To Learn

I enjoy civilized debates, but I rarely get the chance to engage in them. That’s because in my experience nearly everyone assumes they’re correct, so they only debate to beat their viewpoint into the other person’s head
In other words, most people argue to win… and I can’t
at all costs.
Not exactly. I see a third alternative, one that seems more productive. I argue to it. Whenever I mention this, the response is almost always “Oh, so you argue to lose, huh?”
In fact, I think the best possible outcome of a debate is when my opponent convinces me that he’s right and I’m wrong. That way, I’ve learned something new or improved my worldview by fixing a mistake. It’s just
That’s the point of this website. I’ve decided that I can no longer develop my ideas in isolation. I’m blind to the flaws in my own ideas because I’m simply too biased towards believing they’re true. to convince someone else that I’m right. What do I gain from a debate that I “win” in that manner? Very little, I think.
It might seem like I shouldn’t be annoyed with people who argue to win, because they’re doing me a favor by enthusiastically attacking my ideas. While it’s true that I desperately want people to attack my ideas in order to identify flaws in my reasoning, the problem is that people who argue to win generally aren’t very persuasive. They’re certainly motivated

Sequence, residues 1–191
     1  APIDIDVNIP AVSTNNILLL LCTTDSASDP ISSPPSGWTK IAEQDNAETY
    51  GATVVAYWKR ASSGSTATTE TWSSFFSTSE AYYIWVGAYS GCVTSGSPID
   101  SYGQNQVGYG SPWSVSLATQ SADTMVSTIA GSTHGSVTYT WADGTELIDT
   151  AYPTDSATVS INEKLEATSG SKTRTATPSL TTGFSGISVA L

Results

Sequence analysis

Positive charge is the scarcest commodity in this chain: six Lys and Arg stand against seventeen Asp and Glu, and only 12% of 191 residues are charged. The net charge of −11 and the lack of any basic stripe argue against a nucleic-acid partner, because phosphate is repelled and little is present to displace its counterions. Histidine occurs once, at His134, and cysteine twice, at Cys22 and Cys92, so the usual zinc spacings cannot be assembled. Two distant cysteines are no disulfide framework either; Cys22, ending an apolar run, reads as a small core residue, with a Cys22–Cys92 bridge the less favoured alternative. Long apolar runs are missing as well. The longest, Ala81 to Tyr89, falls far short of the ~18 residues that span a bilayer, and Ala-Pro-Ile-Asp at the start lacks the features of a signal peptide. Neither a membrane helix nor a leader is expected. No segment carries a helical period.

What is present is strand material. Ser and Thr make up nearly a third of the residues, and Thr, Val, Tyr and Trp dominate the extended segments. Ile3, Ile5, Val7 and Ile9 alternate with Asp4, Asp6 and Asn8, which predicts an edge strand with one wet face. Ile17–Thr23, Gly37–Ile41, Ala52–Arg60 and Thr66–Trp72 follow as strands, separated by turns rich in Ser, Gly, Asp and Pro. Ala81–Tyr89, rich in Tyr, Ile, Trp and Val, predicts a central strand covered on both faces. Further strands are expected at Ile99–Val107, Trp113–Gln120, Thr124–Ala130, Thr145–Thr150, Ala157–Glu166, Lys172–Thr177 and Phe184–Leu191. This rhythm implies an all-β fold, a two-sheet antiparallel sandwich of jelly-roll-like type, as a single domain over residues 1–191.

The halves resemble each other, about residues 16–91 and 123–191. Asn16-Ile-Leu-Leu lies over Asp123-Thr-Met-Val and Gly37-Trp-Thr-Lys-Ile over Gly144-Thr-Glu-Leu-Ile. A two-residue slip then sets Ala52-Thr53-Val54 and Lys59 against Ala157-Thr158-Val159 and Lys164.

That’s because you have to understand another person’s position at least a to attack my ideas (which I appreciate), but the resulting arguments have always been much less enlightening than conversations with people who disagree with me in a calm, non-confrontational manner.
little bit
For me debating is all about seriously entertaining my opponent’s viewpoint, to examine the world through the lens of his assumptions. If I happen to like his viewpoint better than mine (which happens occasionally) I cheerfully say “thank you for correcting me” and drop my old position. I’m not on anyone’s side but my own, and sometimes I’m not even on my own side… before you criticize it. Otherwise your attacks might not be aimed at their central point, or you may misinterpret their position altogether. Your arguments must also serve as a “bridge” between the other person’s position and your own, to show the other person how to cross the intellectual distance that separates your positions. Finally, you can’t simply grab the first argument that appears to support your position or attack your opponent’s. This happens most often in verbal debates where there isn’t much time for research or introspection between intellectual salvos. But it also occurs in written debates with depressing frequency, and the resulting arguments simply aren’t challenging enough.

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Hello world!

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